PREACHING 101 – Passage

In principle I would recommend preaching expositionally rather than thematically. You chose a passage and expound what it conveys rather than starting with your own theme and finding support for it through different verses. Using the later can easily give a platform for soap-boxes and even false teaching.If you are a beginner – start with passages you love, understand are are pretty familiar with rather than attempting to tackle Revelation or Ezekiel.
Read that passage 5-10 times until you are as familiar as you can be. After that read it again underlining what ‘jumps’ at you.

Then ask these questions:

  • INFORMATION – what does the passage say?
  • REVELATION – what does that mean?
  • APPLICATION – what does it mean for me/us?

You can use aids like commentaries (they will explain issues that are more complicated or technical), concordances and an atlas – but only after you have done the homework above. They are added extras rather than ‘copy and paste’ materials.

If you see the sermon as a sandwich (not sure what Spurgeon or Dr. Martyn Lloyd Jones would make of that) – the content will be in the middle, The start is the context and the end is the conclusion. The context is absolutely essential. It will always ensure that you understand what is happening around your text (before and after). The context will beg questions like: ‘who, when, where, why, what, to whom’.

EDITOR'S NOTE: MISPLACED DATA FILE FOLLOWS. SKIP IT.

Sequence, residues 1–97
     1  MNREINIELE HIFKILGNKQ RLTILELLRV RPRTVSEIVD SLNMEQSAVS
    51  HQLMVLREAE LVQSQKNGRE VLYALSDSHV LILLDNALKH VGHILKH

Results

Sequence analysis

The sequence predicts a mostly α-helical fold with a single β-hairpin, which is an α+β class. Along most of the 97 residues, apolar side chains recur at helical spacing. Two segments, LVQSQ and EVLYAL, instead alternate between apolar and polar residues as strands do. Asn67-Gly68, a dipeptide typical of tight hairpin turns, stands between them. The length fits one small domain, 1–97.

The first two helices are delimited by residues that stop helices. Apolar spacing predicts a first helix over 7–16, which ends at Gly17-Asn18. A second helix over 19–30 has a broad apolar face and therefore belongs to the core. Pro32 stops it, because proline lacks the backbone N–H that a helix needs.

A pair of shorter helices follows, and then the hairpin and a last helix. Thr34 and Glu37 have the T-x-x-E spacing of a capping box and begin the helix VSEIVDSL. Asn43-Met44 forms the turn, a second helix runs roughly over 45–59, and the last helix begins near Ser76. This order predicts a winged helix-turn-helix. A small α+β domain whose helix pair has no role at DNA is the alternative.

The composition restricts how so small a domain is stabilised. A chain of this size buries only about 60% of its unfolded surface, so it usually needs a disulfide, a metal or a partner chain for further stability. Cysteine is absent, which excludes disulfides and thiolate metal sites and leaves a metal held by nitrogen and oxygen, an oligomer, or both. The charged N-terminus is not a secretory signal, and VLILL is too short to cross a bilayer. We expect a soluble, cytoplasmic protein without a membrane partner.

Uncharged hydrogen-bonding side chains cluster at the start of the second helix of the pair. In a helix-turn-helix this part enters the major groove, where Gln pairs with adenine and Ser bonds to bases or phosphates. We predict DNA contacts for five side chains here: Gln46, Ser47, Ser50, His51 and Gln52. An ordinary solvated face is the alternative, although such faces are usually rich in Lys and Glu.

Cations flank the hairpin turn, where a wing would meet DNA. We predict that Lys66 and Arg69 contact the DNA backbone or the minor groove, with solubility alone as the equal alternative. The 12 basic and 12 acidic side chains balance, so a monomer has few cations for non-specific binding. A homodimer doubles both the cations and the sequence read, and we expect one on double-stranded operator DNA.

The conclusion must be both practical and memorable. It would be great if you can make it as applicable to mundane issues as possible. If you can create a good catch-phrase or memorable illustration – that would be  a bonus.

Enough for now. Next I will be writing about prayer.

5 thoughts on “PREACHING 101 – Passage

  1. You’ve nicked what I was going to convey at my next “Speak out” session! But you put it so much better, mate!!

  2. Where do you lift your images from Cristi? Do you subscribe to something, buy individual images, or get them free online? I like your choices.

  3. Preaching is one of the things I miss most in life. Not necessarily the speaking side of it, though I enjoyed that as well, but the study, the learning and the preparation. The problem with studying and learning though is when you do it with an open mind and an honest heart it takes you places you never thought imaginable when things seemed so must simpler.

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